What sets your product, service and company apart from your competitors? What value do you provide and how is it different from the alternatives?
Competitive positioning is about defining how you’ll “differentiate” your offering and create value for your market. It’s about carving out a spot in the competitive landscape, putting your stake in the ground, and winning mindshare in the marketplace – being known for a certain “something.”
A good positioning strategy is influenced by:
- Market profile: Size, competitors, stage of growth
- Customer segments: Groups of prospects with similar wants & needs
- Competitive analysis: Strengths, weaknesses, opportunities and threats in the landscape
- Method for delivering value: How you deliver value to your market at the highest level
[Note: You can access interactive marketing planning templates and download step-by-step plans for positioning your product or service in the marketplace in our marketing planning and management app. Try it for free.]
When your market clearly sees how your offering is different from that of your competition, it’s easier to influence the market and win mindshare. Without differentiation, it takes more time and budget to entice the market to engage with you; as a result, many companies end up competing on price – a tough position to sustain over the long term.
One of the key elements that many small to mid-size companies overlook is how they provide value at the highest level. There are three essential methods for delivering value: operational excellence, product leadership and customer intimacy.
Here is a hypothetical example of each type of value.
|OPERATIONAL EXCELLENCE||PRODUCT LEADERSHIP||CUSTOMER INTIMACY|
|Herringer customers don’t want bells and whistles; they just want a good product at the lowest possible price.
Herringer focuses on operational excellence so they can continually offer the lowest price in the market. For example, they just patented a new machine that dramatically lowers their manufacturing costs. They’re not trying to create new or better products; they just want to produce more volume at a lower cost.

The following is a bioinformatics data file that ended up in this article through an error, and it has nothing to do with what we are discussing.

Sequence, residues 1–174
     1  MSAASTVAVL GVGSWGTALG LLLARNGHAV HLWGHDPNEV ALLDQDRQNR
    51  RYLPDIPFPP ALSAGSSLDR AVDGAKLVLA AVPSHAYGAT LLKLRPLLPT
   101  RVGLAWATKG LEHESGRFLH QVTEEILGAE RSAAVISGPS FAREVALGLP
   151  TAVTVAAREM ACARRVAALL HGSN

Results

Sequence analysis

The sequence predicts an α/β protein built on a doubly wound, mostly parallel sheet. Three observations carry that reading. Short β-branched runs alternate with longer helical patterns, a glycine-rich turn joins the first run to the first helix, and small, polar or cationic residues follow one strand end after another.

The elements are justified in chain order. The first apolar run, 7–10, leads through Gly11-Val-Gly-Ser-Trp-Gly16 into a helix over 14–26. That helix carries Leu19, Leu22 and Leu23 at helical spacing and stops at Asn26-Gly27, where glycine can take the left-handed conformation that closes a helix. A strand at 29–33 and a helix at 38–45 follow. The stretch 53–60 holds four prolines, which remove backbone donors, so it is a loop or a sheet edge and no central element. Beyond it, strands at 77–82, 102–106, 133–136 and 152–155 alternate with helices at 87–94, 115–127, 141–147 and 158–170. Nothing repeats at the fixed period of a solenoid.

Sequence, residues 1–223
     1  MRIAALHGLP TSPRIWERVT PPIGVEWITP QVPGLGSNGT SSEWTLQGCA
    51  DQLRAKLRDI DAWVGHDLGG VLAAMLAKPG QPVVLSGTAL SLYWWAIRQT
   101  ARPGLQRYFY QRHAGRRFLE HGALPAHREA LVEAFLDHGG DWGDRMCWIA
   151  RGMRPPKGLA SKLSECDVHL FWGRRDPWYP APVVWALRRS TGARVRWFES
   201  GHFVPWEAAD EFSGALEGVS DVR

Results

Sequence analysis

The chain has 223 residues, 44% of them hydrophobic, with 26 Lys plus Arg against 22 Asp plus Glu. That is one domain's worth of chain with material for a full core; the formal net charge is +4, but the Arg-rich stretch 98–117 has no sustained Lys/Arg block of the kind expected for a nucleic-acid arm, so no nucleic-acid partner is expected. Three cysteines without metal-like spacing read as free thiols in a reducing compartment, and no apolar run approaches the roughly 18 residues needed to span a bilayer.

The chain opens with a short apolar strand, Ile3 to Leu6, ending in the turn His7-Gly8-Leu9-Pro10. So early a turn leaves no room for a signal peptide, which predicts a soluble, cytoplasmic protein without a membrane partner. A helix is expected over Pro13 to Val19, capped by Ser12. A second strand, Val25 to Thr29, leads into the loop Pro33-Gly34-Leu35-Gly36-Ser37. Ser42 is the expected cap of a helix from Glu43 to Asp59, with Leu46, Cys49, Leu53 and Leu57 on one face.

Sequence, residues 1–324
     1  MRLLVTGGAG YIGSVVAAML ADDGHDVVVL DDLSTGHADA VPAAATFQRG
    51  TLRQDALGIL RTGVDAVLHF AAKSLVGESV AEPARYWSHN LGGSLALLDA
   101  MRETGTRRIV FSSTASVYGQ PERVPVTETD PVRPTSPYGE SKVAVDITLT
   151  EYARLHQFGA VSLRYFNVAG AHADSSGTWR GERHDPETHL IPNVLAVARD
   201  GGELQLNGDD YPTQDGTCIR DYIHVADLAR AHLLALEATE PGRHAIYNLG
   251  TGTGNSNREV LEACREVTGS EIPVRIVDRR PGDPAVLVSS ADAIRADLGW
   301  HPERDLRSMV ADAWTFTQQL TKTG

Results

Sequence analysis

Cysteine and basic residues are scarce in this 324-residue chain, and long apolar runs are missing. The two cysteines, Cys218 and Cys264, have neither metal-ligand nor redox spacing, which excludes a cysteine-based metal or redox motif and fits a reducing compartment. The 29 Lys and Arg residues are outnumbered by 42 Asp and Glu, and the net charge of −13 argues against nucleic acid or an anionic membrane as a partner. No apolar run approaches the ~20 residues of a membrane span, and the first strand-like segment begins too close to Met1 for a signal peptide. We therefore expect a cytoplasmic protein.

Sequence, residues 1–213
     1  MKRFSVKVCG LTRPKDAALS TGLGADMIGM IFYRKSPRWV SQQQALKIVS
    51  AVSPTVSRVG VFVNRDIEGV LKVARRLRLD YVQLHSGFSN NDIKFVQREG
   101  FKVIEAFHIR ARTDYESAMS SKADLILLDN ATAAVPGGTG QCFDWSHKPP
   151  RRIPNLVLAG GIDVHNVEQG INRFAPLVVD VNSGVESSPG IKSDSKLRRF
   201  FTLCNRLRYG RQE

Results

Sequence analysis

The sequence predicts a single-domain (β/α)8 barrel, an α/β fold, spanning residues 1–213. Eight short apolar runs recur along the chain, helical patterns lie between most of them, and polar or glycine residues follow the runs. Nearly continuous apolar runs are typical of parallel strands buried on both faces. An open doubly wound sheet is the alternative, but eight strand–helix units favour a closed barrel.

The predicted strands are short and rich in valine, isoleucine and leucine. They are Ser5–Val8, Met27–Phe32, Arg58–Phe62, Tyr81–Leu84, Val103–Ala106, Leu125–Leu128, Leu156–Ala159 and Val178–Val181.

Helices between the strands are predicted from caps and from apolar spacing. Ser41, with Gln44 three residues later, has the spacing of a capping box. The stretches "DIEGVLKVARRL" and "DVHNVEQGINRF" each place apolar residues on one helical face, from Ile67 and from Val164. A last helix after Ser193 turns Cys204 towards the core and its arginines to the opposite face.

Herringer’s method for delivering value is operational excellence; it’s a key driver of their long-term strategy, and their positioning reflects it.
|Orange Technology’s customers care most about quality – they want the best product.
Orange is completely dedicated to innovation and quality. They’re constantly working on product improvements and new ideas to bring to market.
They know what their competitors are doing and are completely focused on staying one step ahead in order to capture a greater share of their market.
Orange’s brand and culture is all about product leadership; their market recognizes it and is willing to pay for it.
|Starboard’s market is flooded with products at all points of the price spectrum.
Yet, Starboard’s customers want more than a product off the shelf; they want customized solutions. So Starboard’s strategy is to know as much as possible about their customers’ businesses so they can deliver the correct solutions over time.
Starboard knows that they can’t just say “We offer great service.” Starboard delivers on their strategy in every interaction with their market.
These companies have a complete understanding of how they deliver value to their market. It’s part of their strategy, which makes it easier for them to win a position in their respective markets.
Here’s another way to think of it:
You can provide the best offering, the cheapest offering, or the most comprehensive offering, but you can’t provide all three.
Another key factor in your positioning is your competition. Sure, you need to put your stake in the ground and claim your turf. But is it turf that you can own? Can you realistically beat your competition to own it?
Rather than leaving your market positioning to chance, establish a strategy. What you’re ultimately striving for is to be known for something – to own mindshare of the market. This is typically easier for consumer product lines than for B2B companies, because positioning a single product against three to five competitors is a simpler task than positioning a mid-size B2B company with numerous offerings in numerous markets.
Owning a strong position in the market is challenging for most small- to mid-size companies, but you have a better chance of achieving it if you clearly define a strategy and build your brand around it.
Do you see your company in any of these scenarios?
|Best Case||Neutral Case||Worst Case|
|You provide a one-of-a-kind offering that your market needs and wants; you have strong differentiation from your competitors.